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A microduplication of the long range SHH limb regulator (ZRS) is associated with triphalangeal thumb-polysyndactyly syndrome
  1. E Klopocki1,
  2. C-E Ott1,
  3. N Benatar2,
  4. R Ullmann3,
  5. S Mundlos1,3,
  6. K Lehmann1
  1. 1
    Institut für Medizinische Genetik, Charité Universitätsmedizin Berlin, Berlin, Germany
  2. 2
    Klinik für Handchirurgie und angeborene Handfehlbildungen, Krankenhaus Marienstift, Braunschweig, Germany
  3. 3
    Max-Planck-Institut für Molekulare Genetik, Berlin, Germany
  1. Dr K Lehmann, Institut für Medizinische Genetik, Charité Universitätsmedizin Berlin, Augustenburger Platz 1, 13353 Berlin, Germany; katarina.lehmann{at}charite.de

Abstract

Background: Sonic hedgehog (SHH) plays an important role in defining the anterior–posterior axis in the developing limbs. A highly conserved non-coding sequence about ∼ 1 Mb upstream from the sonic hedgehog gene (SHH) was shown to be a long range regulator for SHH expression in the limb bud. Point mutations within this non-coding regulatory region designated ZRS lead to ectopic expression of Shh in the anterior margin of the limb bud, as shown in mice, and cause the human triphalangeal thumb and polysyndactyly (TPT-PS) phenotype. Even though this association is well established, its molecular mechanism remains unclear.

Methods and results: We investigated a large pedigree with variable TPT-PS. A single nucleotide exchange within the SHH limb regulator sequence was excluded, but locus specific microsatellite marker analyses confirmed a linkage to this region. Subsequently, array comparative genomic hybridisation (array CGH) was carried out using a submegabase whole human genome tiling path bacterial artificial chromosome (BAC) array revealing a microduplication in 7q36.3 in affected individuals. A duplicated region of 588,819 bp comprising the ZRS was identified by quantitative real-time polymerase chain reaction (qPCR) and direct sequencing.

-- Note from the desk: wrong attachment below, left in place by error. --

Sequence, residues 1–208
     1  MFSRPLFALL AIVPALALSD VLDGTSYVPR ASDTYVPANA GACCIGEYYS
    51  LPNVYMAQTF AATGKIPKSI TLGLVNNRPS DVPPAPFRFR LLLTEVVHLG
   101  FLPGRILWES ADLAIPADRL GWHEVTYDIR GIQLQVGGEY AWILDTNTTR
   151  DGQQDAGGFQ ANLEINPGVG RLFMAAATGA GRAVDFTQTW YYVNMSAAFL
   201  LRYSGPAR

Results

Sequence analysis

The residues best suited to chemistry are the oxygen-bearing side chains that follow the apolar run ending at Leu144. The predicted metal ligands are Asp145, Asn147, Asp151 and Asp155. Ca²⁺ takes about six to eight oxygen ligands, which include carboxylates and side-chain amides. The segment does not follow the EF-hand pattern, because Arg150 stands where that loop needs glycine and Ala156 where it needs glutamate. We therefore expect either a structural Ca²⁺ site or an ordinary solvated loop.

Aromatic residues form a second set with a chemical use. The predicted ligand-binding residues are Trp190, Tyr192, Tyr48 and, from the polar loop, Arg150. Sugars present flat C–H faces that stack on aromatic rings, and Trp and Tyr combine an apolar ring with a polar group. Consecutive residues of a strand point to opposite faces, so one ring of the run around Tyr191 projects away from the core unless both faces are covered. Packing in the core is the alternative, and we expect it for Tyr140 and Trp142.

Conclusion: A novel microduplication in 7q36.3 results in a similar TPT-PS phenotype as caused by single nucleotide alterations in the ZRS, the limb specific SHH regulatory element. Duplications can be added to the growing list of mechanisms that cause abnormalities of long range transcriptional control.

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Footnotes

  • Competing interests: None.

  • Patient consent: Informed consent was obtained from the family members for publication of this report, and for the publication of fig 1.

  • ▸ Supplementary table 1 is published online only at http://jmg.bmj.com/content/vol45/issue6

    EK and C-EO contributed equally to the work

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